Why You Shouldn’t Buy the Nexus 7 Right Now

Google’s Nexus 7 is an extremely solid tablet, one of the best on the market. But you shouldn’t buy it right now.

Last year, in the buildup to Google I/O 2013, Nexus 7 rumors were flying around pointing to a successor for the company’s popular Nexus 7 tablet from 2012. The company took the stage and talked about new products but it did not announce a new Android update or any new Nexus hardware. Consumers simply had to wait.

In July, Google took the stage at an intimate gathering in San Francisco and showed off Android 4.3 Jelly Bean and the successor to the original Nexus 7, a device that Google calls the Nexus 7. The new and current Nexus 7 might share a name with its predecessor but it’s a device that is far more powerful thanks to a handful of upgrades.

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The Nexus 7 offers consumers a beautiful 7-inch display, a speedy quad-core processor, a solid rear camera for photos and video, stock Android 4.4 KitKat, a black matte design that is both elegant and durable, and a front-facing camera that offers good looking video chats. Best of all, it’s extremely affordable, much cheaper than its 7-inch counterpart, Apple’s iPad mini with Retina Display.

Google’s Nexus 7 remains on the Google Play Store alongside the Nexus 10 and the company’s various other Nexus products. In fact, almost a year later, the Nexus 7 remains one of the best tablets that money can buy. And while that might be the case, there are some compelling reasons why consumers should be taking a rain check on the Nexus 7 (2013) and Nexus 7 (2012), at least for the next month or so.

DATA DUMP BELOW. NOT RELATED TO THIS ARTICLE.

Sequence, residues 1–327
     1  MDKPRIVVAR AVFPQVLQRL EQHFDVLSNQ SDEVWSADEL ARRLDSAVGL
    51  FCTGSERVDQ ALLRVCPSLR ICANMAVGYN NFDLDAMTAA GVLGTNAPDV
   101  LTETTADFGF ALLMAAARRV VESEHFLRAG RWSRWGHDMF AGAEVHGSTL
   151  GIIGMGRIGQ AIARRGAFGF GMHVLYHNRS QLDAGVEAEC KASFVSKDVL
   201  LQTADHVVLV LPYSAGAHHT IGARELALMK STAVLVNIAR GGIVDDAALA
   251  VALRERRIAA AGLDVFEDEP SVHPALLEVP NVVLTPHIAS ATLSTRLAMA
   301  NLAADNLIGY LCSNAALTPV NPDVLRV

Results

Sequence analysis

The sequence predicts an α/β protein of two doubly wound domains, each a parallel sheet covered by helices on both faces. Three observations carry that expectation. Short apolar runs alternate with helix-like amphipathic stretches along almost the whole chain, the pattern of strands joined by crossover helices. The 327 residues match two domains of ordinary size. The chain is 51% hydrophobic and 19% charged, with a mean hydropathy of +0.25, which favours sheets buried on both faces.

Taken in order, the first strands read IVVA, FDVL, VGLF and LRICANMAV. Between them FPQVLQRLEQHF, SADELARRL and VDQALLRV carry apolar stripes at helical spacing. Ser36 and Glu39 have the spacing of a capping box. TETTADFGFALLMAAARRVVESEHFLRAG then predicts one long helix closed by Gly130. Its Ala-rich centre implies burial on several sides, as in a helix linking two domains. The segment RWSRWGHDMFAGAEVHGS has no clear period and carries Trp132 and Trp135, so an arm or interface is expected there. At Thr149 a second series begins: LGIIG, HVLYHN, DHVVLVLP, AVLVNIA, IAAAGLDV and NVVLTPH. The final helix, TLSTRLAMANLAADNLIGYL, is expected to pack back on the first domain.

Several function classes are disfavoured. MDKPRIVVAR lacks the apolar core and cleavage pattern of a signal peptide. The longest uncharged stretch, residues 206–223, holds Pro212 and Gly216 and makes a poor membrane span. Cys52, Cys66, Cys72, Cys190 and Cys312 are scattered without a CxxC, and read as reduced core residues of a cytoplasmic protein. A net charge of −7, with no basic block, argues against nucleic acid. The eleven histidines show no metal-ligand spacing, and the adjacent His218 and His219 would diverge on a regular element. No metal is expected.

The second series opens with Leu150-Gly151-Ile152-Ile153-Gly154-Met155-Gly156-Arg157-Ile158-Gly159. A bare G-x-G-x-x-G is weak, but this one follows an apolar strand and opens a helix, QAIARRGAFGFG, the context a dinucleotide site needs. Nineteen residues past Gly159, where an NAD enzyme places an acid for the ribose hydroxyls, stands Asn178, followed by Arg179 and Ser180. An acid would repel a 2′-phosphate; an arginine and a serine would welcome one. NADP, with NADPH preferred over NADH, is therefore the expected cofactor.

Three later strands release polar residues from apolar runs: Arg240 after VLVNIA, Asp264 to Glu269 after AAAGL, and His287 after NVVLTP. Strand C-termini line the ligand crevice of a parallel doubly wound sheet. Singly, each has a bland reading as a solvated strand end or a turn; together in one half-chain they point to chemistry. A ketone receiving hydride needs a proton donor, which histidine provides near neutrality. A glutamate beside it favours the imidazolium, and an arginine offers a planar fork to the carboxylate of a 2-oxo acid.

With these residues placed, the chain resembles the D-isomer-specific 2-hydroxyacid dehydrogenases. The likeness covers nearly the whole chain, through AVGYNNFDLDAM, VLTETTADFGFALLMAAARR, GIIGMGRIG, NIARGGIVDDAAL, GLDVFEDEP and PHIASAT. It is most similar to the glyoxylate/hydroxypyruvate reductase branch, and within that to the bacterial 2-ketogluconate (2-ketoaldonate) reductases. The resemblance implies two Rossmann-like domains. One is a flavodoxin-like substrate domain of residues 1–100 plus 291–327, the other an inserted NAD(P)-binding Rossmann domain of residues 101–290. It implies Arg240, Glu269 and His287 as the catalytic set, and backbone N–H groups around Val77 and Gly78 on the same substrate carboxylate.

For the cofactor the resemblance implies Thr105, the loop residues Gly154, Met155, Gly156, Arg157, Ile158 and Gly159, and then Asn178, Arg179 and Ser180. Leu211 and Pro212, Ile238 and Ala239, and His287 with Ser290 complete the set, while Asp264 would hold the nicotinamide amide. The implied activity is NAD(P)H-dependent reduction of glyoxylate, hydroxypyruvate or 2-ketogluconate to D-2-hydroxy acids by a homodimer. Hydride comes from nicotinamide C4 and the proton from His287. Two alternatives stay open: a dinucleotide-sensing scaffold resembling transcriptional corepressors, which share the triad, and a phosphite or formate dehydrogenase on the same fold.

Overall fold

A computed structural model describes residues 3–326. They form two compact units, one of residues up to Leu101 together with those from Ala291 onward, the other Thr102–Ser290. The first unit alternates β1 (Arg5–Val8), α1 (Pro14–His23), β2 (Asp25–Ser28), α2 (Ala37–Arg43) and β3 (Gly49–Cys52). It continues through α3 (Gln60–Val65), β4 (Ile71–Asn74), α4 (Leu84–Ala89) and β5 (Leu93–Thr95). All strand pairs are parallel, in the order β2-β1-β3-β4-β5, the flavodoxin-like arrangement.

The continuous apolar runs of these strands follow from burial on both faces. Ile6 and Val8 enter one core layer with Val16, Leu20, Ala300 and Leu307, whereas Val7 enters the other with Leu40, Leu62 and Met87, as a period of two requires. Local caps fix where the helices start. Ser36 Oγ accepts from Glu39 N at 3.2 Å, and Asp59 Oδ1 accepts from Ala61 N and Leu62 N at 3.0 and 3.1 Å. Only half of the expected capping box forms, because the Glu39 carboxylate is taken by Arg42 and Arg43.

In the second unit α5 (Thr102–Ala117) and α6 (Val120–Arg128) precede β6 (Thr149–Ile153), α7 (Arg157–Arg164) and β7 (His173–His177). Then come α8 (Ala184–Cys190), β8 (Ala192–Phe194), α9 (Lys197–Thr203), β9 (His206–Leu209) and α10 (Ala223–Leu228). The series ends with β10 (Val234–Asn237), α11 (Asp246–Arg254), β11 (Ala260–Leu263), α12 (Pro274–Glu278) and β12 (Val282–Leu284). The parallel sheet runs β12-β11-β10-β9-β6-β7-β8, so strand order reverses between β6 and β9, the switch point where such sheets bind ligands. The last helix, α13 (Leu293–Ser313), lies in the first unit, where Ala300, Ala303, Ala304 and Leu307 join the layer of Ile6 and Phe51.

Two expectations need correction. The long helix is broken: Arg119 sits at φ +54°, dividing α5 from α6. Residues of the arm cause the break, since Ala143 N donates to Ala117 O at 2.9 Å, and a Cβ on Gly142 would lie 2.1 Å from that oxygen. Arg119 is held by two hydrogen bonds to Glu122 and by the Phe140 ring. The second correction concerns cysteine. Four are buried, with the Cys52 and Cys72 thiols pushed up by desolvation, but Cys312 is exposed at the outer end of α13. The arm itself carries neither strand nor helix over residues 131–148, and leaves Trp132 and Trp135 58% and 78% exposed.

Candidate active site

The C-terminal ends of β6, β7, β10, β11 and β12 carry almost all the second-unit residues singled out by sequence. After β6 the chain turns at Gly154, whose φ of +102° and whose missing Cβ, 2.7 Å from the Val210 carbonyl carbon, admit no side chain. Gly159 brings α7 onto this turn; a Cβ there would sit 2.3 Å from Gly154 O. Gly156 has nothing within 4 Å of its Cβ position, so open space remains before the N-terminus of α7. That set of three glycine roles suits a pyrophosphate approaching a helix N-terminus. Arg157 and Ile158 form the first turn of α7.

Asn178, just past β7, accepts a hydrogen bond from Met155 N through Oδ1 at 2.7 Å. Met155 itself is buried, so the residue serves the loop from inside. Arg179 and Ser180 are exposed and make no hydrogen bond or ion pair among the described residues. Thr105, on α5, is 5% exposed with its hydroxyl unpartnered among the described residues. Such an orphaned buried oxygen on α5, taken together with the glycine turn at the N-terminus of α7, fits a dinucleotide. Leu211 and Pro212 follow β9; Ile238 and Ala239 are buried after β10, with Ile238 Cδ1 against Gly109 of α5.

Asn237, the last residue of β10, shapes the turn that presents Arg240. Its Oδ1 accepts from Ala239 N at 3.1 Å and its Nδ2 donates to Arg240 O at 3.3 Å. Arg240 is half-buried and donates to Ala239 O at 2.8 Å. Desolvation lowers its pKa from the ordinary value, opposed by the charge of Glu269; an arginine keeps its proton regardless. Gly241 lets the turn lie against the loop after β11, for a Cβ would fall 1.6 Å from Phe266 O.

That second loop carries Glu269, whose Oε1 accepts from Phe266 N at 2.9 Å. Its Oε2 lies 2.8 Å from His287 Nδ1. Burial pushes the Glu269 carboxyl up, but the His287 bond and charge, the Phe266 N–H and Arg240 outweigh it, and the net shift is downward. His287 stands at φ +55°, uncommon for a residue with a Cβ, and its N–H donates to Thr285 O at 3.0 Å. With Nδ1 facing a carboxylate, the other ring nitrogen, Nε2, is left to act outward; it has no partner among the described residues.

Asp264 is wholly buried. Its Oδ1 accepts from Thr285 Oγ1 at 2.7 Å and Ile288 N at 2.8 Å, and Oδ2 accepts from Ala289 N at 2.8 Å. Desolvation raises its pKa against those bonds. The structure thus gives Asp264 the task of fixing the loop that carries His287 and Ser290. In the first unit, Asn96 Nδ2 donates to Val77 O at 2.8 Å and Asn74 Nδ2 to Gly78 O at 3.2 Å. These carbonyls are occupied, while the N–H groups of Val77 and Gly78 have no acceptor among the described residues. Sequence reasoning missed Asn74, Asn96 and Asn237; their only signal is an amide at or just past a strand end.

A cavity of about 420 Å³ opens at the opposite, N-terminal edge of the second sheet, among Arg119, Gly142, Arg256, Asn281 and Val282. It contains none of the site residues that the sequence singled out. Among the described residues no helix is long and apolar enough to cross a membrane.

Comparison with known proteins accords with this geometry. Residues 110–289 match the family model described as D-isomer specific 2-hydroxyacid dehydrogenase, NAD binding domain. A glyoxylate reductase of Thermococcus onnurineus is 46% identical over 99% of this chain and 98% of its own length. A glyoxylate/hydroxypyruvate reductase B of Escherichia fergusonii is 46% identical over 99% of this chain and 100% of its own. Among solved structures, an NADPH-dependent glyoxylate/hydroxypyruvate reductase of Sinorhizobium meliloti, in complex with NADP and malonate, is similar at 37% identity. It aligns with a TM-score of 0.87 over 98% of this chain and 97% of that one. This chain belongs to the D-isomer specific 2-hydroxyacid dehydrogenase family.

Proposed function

Nexus 8

The Nexus 7 is a tempting proposition what with its cheap price tag and its high octane performance. It’s a device that we still enjoy, a year after its release on shelves. However, we believe that there are a few reasons why buying the Nexus 7 right now may not be in your best interest.

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Maybe the biggest reason why is because of the Nexus 8 rumors that continue to swirl around ahead of Google I/O and ahead of the summer. The device continues to tease big features and given Google’s Nexus tablet release window, it could be that we see it touch down within the next month and a half, which in the scheme of things, isn’t too long to wait.

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Nexus 8 rumors point to a tablet made by HTC and not Nexus 7 manufacturer Asus. They also point to a larger, higher-end device that could slide right in between the iPad Air and iPad mini with Retina Display.

Rumors suggest that it could have a 8.9-inch display with display resolution that’s better than 2K. If true, that would mean more screen real estate for gaming, surfing the web, and doing work. It would also mean better looking gaming, web, photos, video, and more. The Nexus 7 display features 1080p Full HD resolution.

We’ve also heard that it could come with a top notch processor. Whispers hint at a 64-bit processor from Intel, NVIDIA or Qualcomm. A next-gen chip like that would not only help the device handle more memory, important for a powerful device like a tablet, but also provide better battery life and higher performance gaming.

The 7-inch 1920 x 1080 resolution display is a joy to use.

The 7-inch 1920 x 1080 resolution display is a joy to use.

We would also expect Google to outfit a new Nexus tablet with a number of other upgrades as well. For instance, Nexus designs change every year so we’d expect some tweaks and modifications there.